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Cracking into Canvas

UNH makes the official switch from Blackboard to Canvas


As most returning students know, Canvas, also known as myCourses, has taken over the online course functions of Blackboard here on campus. The transition of courses to Canvas was completed before the summer semester of this year. However, not all of the features once offered by Blackboard have changed.

“What will still be on Blackboard will be the Webcat Services and some other information,” UNH Associate Director of Academic Technology Alicia Medros said.

On the other hand, Blackboard won’t be the home for portal services much longer, either. “We will be replacing Blackboard entirely by next summer: the end of the academic year,” Medros said.

After analyzing data gathered by the UNH IT Department from surveys and focus groups consisting of students and faculty, “it was pretty much unanimous that no one wanted to stay on Blackboard,” she said.

“We’ll be recruiting students to help test new portal services,” Medros added, just as the department did with Canvas.

“[For Canvas], student feedback was overwhelmingly positive,” she said. “One feature students really like is the calendar because it shows the assignments coming up for all classes in one place. Another feature students really like is the grade display and the ‘what if’ grade calculator which allows them to see what their grade would be overall if they got a certain grade on an upcoming assignment.”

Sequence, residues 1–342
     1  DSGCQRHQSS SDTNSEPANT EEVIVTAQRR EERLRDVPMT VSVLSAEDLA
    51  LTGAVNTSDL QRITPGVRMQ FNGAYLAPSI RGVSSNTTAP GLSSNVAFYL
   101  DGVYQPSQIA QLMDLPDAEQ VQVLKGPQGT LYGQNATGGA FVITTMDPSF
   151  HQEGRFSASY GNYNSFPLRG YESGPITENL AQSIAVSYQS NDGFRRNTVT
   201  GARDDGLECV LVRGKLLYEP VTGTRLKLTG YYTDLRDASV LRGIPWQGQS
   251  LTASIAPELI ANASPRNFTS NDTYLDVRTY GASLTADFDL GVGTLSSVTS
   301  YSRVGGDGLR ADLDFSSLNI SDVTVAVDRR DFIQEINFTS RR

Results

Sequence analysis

Medros also said the new program allows for more uniform use amongst faculty.

“One of the biggest complaints about Blackboard in the past was that every instructor would structure their courses differently. Canvas provides a more structured environment,” she said.

Faculty overall has been very positive feedback, though there is a lot of upfront work they have to do to set up their courses. There is a lot more structure, so professors don’t have as much freedom to structure their courses how they want. So while students like that feature, faculty may not,” Medros said.

According to Medros, the new courses and portal services won’t make a difference in IT spending except for one key feature, the “24-hour online hotline” to the vendor for help with Canvas, which Medros said is the one cost addition the department made “in hopes [it] could provide better service to students.”

Starting August 8, a new login page was added to myCourses, but no changes were made regarding usernames and passwords, allowing for students to gain instant access to their accounts.  However, previous bookmarked versions of the myCourses website may no longer be valid, and future bookmarks must be linked to the new homepage.

The IT service desk at UNH also offers phone and walk up support during regular hours (weekdays 7:30 a.m. – 5 p.m.) and some extended hours for students during the academic year.

Now that the transition for classes is over, the academic year should run smoothly. No more worrying about which courses are on which site; now they’ll all be in one place. Just don’t forget where to pay your bill.

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